WMOA collecting stuffed animals for Christmas
MARIETTA — On a good day or a bad one, for many children there’s nothing quite like hugging a stuffed toy animal.
“To one person, it’s a stuffed animal but to another it could be a friend, something to hug when they need it,” said John Wharff, owner of WMOA 1490 AM radio.
The station has collected and distributed stuffed animals for needy children (and probably more than a few adults) for 27 years in its Christmas Zoo drive. This year, the collection can be viewed in the storefront window of The Workingman’s Store at 109 Putnam St., home to the drive for the 11th year.
On Wednesday afternoon, Lauren Allen and Carol Wolfe from Belpre stopped by the store, carrying two large bears, as WMOA staffer Kyle Wenzel was starting his 2 to 6 p.m. broadcast from the midst of dozens of stuffed bears, dogs, monkeys and other critters.
Allen said the two regularly contribute to the drive.
“We do this every year. We want to help every child have a wonderful Christmas,” Allen said.
Wenzel said he’s been working at WMOA for 25 years and been a “zookeeper for 20.” He sees many of the same people coming back to contribute year after year, and three-fourths of the contributions to the drive come from people who just drop off a toy or two.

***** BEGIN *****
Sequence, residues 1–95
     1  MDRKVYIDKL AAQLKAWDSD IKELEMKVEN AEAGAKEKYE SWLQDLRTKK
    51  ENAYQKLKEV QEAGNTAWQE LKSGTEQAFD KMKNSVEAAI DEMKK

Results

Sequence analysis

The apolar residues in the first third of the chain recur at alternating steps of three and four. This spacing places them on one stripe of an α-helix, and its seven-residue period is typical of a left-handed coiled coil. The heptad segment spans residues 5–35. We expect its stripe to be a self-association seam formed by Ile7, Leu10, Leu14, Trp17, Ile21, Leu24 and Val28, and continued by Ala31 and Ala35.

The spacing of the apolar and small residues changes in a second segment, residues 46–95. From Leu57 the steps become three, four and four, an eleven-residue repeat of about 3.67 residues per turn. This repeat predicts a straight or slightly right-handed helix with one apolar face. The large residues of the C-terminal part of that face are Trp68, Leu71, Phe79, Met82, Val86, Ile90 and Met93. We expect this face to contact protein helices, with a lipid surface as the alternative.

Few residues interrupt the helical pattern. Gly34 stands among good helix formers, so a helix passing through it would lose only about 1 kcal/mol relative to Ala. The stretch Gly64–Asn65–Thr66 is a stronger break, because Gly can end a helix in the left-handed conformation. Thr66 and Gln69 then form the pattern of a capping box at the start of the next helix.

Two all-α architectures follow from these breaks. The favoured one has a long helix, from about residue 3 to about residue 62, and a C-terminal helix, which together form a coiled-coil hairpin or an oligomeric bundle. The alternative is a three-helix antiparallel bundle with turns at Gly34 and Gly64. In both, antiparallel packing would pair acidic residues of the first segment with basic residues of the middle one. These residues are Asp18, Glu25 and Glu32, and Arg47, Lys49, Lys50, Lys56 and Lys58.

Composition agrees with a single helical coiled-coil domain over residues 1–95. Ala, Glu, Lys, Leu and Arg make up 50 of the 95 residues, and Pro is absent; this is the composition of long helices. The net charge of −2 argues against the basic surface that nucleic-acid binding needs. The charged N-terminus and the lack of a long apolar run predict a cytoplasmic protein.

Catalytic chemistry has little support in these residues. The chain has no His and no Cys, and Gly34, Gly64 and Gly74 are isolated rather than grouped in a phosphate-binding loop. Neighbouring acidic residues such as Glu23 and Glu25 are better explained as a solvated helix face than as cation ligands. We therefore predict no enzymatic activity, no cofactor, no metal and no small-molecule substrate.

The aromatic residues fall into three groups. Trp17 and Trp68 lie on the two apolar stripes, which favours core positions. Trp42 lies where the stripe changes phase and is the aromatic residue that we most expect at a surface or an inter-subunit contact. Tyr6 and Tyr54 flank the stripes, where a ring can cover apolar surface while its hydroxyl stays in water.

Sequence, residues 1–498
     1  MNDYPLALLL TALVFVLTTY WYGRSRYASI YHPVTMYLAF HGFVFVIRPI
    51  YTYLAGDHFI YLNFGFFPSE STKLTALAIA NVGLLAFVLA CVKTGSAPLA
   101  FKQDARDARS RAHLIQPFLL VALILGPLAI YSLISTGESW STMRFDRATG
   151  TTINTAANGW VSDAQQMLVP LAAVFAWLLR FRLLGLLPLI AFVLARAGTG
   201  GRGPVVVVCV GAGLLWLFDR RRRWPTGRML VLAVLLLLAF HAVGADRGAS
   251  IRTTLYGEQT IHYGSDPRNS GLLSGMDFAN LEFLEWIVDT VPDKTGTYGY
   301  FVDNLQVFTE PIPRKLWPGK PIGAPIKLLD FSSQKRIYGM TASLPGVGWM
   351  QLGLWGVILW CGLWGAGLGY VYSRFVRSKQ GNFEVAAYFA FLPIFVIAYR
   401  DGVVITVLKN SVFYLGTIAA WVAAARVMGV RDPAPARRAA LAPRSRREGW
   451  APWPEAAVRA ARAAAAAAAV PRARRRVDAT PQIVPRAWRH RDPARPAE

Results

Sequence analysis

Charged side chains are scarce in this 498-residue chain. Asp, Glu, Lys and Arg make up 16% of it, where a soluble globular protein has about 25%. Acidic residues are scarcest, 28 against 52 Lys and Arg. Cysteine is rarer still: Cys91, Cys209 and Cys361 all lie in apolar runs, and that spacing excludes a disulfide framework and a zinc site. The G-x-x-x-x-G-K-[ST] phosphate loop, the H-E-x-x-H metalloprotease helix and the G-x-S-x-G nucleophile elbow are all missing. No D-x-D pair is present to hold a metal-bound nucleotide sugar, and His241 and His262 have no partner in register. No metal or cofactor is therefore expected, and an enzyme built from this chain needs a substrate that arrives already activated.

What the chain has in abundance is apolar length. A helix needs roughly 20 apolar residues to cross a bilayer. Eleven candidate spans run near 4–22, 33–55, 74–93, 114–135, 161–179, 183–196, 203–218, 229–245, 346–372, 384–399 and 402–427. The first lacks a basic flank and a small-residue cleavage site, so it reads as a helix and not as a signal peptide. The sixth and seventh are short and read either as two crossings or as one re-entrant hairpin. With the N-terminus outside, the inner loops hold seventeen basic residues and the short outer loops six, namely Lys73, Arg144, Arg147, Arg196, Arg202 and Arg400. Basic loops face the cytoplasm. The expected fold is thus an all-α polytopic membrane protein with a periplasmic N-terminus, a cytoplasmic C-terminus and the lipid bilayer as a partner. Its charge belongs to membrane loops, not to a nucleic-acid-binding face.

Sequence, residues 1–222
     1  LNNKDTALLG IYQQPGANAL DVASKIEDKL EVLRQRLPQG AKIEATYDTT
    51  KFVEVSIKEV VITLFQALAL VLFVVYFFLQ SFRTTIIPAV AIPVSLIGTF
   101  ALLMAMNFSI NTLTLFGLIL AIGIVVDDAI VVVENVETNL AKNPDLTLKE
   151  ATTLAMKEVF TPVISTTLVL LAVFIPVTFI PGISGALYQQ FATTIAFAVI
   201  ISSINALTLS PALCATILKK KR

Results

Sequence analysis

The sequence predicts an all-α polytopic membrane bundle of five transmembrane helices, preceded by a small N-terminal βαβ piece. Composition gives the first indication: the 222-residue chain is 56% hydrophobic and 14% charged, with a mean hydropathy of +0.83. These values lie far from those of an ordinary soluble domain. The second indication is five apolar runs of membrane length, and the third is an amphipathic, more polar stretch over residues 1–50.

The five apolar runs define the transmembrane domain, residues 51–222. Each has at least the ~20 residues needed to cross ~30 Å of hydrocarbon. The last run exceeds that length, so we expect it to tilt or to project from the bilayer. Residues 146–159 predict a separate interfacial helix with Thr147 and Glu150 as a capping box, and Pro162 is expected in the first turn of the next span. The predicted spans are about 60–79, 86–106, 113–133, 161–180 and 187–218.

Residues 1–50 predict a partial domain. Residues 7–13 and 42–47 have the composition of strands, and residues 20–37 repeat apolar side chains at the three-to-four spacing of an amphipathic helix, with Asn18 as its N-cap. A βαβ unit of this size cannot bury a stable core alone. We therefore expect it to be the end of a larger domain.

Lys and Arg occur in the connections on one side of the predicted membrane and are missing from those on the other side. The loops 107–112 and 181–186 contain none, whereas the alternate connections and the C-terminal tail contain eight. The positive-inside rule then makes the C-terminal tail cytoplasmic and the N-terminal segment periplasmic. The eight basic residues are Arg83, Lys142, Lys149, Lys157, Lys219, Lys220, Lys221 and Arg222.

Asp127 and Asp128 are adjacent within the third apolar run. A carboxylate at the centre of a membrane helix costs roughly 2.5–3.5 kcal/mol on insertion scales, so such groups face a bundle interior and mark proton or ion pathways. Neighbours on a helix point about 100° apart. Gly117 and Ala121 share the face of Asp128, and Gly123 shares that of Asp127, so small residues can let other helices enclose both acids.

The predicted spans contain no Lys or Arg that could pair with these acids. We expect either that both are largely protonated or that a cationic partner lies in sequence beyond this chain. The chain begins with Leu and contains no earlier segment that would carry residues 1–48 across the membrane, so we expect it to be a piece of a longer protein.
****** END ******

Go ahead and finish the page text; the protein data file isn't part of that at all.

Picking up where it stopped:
According to Wharff, the drive has collected and given away more than 22,000 stuffed animal toys since it began in 1990. The toys are given to local organizations including the Salvation Army, the Secret Santa program run by Washington-Morgan County Contumacy Action, the Gospel Mission Food Pantry, First Presbyterian Church, EVE Incorporated and other community groups.
The drive also accepts monetary donations, which can be sent to the Marietta Community Foundation, P.O. Box 77, Marietta, Ohio, 45750, or dropped off at the foundation’s office.
The project started out in the window of the Sugden Book Store on Front Street, moved to the JC Penney store the next year, went to the First Settlement Restaurant in 1997 and finally moved to The Workingman’s Store, where it has remained for 11 years.
“Everybody looks forward to it,” said store owner Dave Schramm. “There are many supporters who have done this for years, and now their kids have grown up but they keep bringing in toys.
“Wait until you see it when it’s full,” he said, gesturing at the window.